CORPORATE NEWS

REPORT: UTILITIES’ SELF-SCHEDULING COSTS FOR RATEPAYERS

Inefficient coal plant scheduling cost ratepayers $3.5B from 2015 to 2017, report says, by Catherine Morehouse, Utility Dive. Regulated utilities cost ratepayers over $3.5 billion from 2015 to 2017 through uneconomic coal practices, according to a report released Tuesday from the Sierra Club. Vertically-integrated utilities consistently operated coal units based on their own scheduling rather than relying on market signals to determine when running that plant would be most economic, the report found. The practice, known as self-scheduling, became common when there were fewer cost-effective alternative resources, but now hinders the ability of other resources, wind and solar, to compete in power markets, research has previously found.

GLOBAL COAL DIVESTMENT

Over 100 and counting, Institute for Energy Economics and Financial Analysis
To date, over 100 and counting globally significant financial institutions have announced their divestment from coal mining and/or coal-fired power plants. New announcements are occurring on average every week.

INTERVIEW

#Solar100’s Adam Browning: The Michael Jordan of Solar Policy, PV Magazine
In this #Solar100 interview, Richard Matsui, Founder and CEO of kWh Analytics, speaks with Adam Browning, Executive Director and Co-Founder of Vote Solar.

ENERGY STORAGE

EV CHARGING

EV Connect Raises $12M for Electric Vehicle Charging Software, Greentech Media
The L.A. startup wants to let customers mix and match charging hardware and software controls to suit their needs.

AWEA Fact Check: Wind power remains affordable despite flawed study

By Michael Goggin, Into the Wind, AWEA Blog

The phrase “garbage in, garbage out” explains that analysis based on flawed input assumptions will result in flawed results and conclusions. A recent textbook example of that comes from the American Coalition for Clean Coal Electricity (ACCE) and the special interest group Institute for Energy Research (IER). IER has been down this road before, and once again their analysis isn’t grounded in reality. Renewable energy increasingly saves consumers money even without the federal incentives, which are currently being phased out. The following table uses real-world performance data to calculate the unsubsidized levelized cost for newly installed generation.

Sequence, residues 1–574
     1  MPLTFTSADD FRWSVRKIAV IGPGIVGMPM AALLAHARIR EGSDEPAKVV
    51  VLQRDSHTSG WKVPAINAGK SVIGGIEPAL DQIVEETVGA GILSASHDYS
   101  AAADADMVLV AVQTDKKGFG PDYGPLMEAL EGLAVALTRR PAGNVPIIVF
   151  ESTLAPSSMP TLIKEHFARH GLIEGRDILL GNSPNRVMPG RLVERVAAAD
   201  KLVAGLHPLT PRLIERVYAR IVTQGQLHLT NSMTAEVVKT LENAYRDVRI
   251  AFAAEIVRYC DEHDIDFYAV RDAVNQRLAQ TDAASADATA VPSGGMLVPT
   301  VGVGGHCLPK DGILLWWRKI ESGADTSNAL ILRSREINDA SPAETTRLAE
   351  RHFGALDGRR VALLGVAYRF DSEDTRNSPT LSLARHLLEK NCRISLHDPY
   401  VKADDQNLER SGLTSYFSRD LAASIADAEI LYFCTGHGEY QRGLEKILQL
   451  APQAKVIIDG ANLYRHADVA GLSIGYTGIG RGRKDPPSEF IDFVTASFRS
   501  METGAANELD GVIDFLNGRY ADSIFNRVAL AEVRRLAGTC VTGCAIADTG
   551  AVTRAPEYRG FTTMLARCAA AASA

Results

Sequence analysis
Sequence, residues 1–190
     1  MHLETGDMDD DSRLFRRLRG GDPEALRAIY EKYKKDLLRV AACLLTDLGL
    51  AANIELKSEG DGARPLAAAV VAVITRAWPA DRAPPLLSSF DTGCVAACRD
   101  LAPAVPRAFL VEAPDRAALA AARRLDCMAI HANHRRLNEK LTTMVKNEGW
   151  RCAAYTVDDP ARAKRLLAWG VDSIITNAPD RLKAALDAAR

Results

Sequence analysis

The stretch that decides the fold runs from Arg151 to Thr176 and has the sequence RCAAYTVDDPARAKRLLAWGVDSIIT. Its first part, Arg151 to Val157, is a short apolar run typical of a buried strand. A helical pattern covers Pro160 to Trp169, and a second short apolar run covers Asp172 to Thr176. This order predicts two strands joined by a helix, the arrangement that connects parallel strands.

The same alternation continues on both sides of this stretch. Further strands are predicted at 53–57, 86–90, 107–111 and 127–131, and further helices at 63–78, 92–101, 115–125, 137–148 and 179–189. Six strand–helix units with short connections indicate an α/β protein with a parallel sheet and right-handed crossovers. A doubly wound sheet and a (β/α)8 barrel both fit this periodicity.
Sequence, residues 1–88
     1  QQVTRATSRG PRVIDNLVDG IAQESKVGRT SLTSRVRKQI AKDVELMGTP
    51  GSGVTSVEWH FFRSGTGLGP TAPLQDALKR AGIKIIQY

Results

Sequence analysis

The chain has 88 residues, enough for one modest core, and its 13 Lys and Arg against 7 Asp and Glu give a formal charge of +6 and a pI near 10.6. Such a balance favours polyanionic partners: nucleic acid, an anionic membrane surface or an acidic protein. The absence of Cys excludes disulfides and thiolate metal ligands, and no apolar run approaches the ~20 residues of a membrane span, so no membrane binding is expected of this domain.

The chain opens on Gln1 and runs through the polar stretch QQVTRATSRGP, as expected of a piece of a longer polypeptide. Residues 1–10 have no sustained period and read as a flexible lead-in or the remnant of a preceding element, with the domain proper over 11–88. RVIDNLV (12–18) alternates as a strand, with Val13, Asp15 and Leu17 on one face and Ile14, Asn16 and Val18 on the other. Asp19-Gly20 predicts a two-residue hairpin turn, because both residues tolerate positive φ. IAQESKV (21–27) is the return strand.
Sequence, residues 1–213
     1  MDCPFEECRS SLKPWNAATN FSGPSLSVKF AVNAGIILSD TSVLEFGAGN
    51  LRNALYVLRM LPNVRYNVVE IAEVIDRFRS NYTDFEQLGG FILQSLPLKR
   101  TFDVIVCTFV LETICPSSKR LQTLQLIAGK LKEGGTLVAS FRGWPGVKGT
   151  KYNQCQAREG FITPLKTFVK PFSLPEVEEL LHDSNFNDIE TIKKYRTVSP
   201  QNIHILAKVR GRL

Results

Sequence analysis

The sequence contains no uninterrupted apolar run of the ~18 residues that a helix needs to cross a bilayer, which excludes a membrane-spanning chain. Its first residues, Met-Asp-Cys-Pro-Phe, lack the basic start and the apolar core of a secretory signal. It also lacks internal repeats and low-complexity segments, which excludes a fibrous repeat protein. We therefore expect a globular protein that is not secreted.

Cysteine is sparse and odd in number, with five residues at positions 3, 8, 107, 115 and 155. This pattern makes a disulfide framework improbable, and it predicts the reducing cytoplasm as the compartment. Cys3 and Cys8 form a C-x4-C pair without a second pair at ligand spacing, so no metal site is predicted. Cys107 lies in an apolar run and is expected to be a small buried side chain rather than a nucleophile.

Read more here.

Top Image: Interactive map created by researchers at the University of Texas Austin’s Energy Institute. “Check out all the green—that’s where wind is cheapest.” – Michael Goggin

ALSO OF POTENTIAL INTEREST

RESIDENTIAL SOLAR

Renewable energy will surpass coal in April & May

By Christian Roselund, PV Magazine

According to an analysis of the U.S. Department of Energy’s Energy Information Administration (EIA) by the Institute for Energy Economics and Financial Analysis (IEEFA), renewable energy sources including hydroelectricity are set to generate more electricity than coal, for the first time ever. The analysis shows that renewables generate 2.32 and 2.27 terawatt-hours (TWh) in April and May, ahead of the 2.00 and 2.24 TWh anticipated to be generated by coal . . .  Not only does EIA predict that 7 gigawatts of coal additional coal plants will go offline by the end of 2020, but an analysis by Energy Innovation has shown that in 74% of cases it is cheaper to build new wind and solar than to keep running existing coal plants, and that this number will increase to 86% by 2025. Read more here.